Anglo-Saxon Chronicle Henry I Beauclerc 1110. Jun 1110. Afterwards, in the month of June, appeared a star north-east, and its train stood before it towards the south-west. Thus was it seen many nights; and as the night advanced, when it rose higher, it was seen going backward toward the north-west.

Anglo-Saxon Chronicle Henry I Beauclerc 1114. May 1114. This year, in the latter end of May, was seen an uncommon star with a long train, shining many nights. In this year also was so great an ebb of the tide everywhere in one day, as no man remembered before; so that men went riding and walking over the Thames eastward of London bridge. This year were very violent winds in the month of October; but it was immoderately rough in the night of the octave of St. Martin; and that was everywhere manifest both in town and country.

Chronicle of Gregory 1433. 1433. Ande that same yere apperyde stella comata, othyr wyse namyde a blasynge starre, yn the sowthe weste, etc.

1556 Great Comet

Diary of Henry Machyn March 1556. 07 Mar 1556. The vij day of Marche be-gane the blassyng [star] at nyght, and yt dyd shutt owt fyre to grett [wonder] and marvell to the pepull, and contynud serten [nights].

1618 Great Comet

Between 06 Sep 1618 and 25 Sep 1618 a comet was visible to the naked eye.

Halley's Comet

Anglo-Saxon Chronicle 1050-1065. 1066. This year came King Harold (44) from York to Westminster, on the Easter succeeding the midwinter when the king (Edward) died. Easter was then on the sixteenth day before the calends of May. Then was over all England such a token seen as no man ever saw before. Some men said that it was the comet-star, which others denominate the long-hair'd star. It appeared first on the eve called "Litania major", that is, on the eighth before the calends off May; and so shone all the week. Soon after this came in Earl Tosty (40) from beyond sea into the Isle of Wight, with as large a fleet as he could get; and he was there supplied with money and provisions. Thence he proceeded, and committed outrages everywhere by the sea-coast where he could land, until he came to Sandwich. When it was told King Harold (44), who was in London, that his brother Tosty (40) was come to Sandwich, he gathered so large a force, naval and military, as no king before collected in this land; for it was credibly reported that Earl William from Normandy (38), King Edward's (63) cousin, would come hither and gain this land; just as it afterwards happened. When Tosty (40) understood that King Harold (44) was on the way to Sandwich, he departed thence, and took some of the boatmen with him, willing and unwilling, and went north into the Humber with sixty skips; whence he plundered in Lindsey, and there slew many good men. When the Earls Edwin and Morkar understood that, they came hither, and drove him from the land. And the boatmen forsook him. Then he went to Scotland with twelve smacks; and the king of the Scots entertained him, and aided him with provisions; and he abode there all the summer. There met him Harold, King of Norway (51), with three hundred ships. And Tosty (40) submitted to him, and became his man. (87) Then came King Harold (44) (88) to Sandwich, where he awaited his fleet; for it was long ere it could be collected: but when it was assembled, he went into the Isle of Wight, and there lay all the summer and the autumn. There was also a land-force every where by the sea, though it availed nought in the end. It was now the nativity of St. Mary, when the provisioning of the men began; and no man could keep them there any longer. They therefore had leave to go home: and the king rode up, and the ships were driven to London; but many perished ere they came thither.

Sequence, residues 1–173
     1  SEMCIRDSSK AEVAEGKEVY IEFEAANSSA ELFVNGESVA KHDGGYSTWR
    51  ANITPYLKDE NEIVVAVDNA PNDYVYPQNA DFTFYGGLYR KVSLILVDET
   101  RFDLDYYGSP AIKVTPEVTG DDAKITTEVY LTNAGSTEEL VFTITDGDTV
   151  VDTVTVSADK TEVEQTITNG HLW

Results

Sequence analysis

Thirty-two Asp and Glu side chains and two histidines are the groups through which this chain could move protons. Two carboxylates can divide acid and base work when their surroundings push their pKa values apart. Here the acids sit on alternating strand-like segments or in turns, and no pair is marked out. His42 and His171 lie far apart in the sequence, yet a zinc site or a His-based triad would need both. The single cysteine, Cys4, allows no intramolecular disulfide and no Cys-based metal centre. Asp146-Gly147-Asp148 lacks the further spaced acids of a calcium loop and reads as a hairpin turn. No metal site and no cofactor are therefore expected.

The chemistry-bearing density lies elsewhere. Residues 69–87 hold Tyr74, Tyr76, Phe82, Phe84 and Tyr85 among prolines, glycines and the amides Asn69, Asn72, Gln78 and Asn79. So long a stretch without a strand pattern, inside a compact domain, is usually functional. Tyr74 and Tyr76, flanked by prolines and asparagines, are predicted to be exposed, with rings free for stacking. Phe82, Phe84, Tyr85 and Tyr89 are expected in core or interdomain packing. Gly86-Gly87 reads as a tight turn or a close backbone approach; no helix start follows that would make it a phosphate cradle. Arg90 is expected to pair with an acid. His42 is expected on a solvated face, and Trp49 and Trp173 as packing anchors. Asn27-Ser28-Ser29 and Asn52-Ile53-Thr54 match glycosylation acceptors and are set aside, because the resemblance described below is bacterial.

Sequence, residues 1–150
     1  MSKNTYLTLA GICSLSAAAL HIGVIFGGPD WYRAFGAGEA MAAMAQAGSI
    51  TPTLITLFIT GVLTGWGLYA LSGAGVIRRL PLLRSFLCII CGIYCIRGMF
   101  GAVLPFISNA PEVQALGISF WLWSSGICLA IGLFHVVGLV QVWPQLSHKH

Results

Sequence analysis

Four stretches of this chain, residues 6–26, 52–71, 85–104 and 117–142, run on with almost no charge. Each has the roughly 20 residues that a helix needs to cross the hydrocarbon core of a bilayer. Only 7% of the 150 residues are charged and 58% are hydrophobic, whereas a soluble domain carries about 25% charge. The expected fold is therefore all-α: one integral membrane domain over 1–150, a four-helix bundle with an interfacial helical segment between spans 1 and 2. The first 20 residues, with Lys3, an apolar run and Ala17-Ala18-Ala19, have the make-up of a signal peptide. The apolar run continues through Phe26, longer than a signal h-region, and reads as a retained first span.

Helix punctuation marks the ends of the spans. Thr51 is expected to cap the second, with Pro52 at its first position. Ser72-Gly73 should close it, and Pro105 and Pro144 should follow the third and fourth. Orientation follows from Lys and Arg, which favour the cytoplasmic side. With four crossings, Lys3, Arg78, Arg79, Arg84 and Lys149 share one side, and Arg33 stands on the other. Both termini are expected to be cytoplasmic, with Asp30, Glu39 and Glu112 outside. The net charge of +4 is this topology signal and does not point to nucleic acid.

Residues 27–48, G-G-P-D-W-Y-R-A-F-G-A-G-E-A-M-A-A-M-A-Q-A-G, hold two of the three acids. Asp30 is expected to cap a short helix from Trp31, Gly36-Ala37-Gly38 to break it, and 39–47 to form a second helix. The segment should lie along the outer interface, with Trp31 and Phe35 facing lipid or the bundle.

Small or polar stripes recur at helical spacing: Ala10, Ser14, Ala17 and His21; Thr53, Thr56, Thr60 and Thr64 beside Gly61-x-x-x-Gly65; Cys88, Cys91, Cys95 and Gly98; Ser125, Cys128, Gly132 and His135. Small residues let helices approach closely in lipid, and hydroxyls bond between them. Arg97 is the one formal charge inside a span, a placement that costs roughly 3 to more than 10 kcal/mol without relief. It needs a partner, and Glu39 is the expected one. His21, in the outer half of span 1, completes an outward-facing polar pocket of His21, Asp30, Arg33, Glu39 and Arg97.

John Evelyn's Diary 20 August 1682. 20 Aug 1682. This night I saw another comet, near Cancer, very bright, but the stream not so long as the former.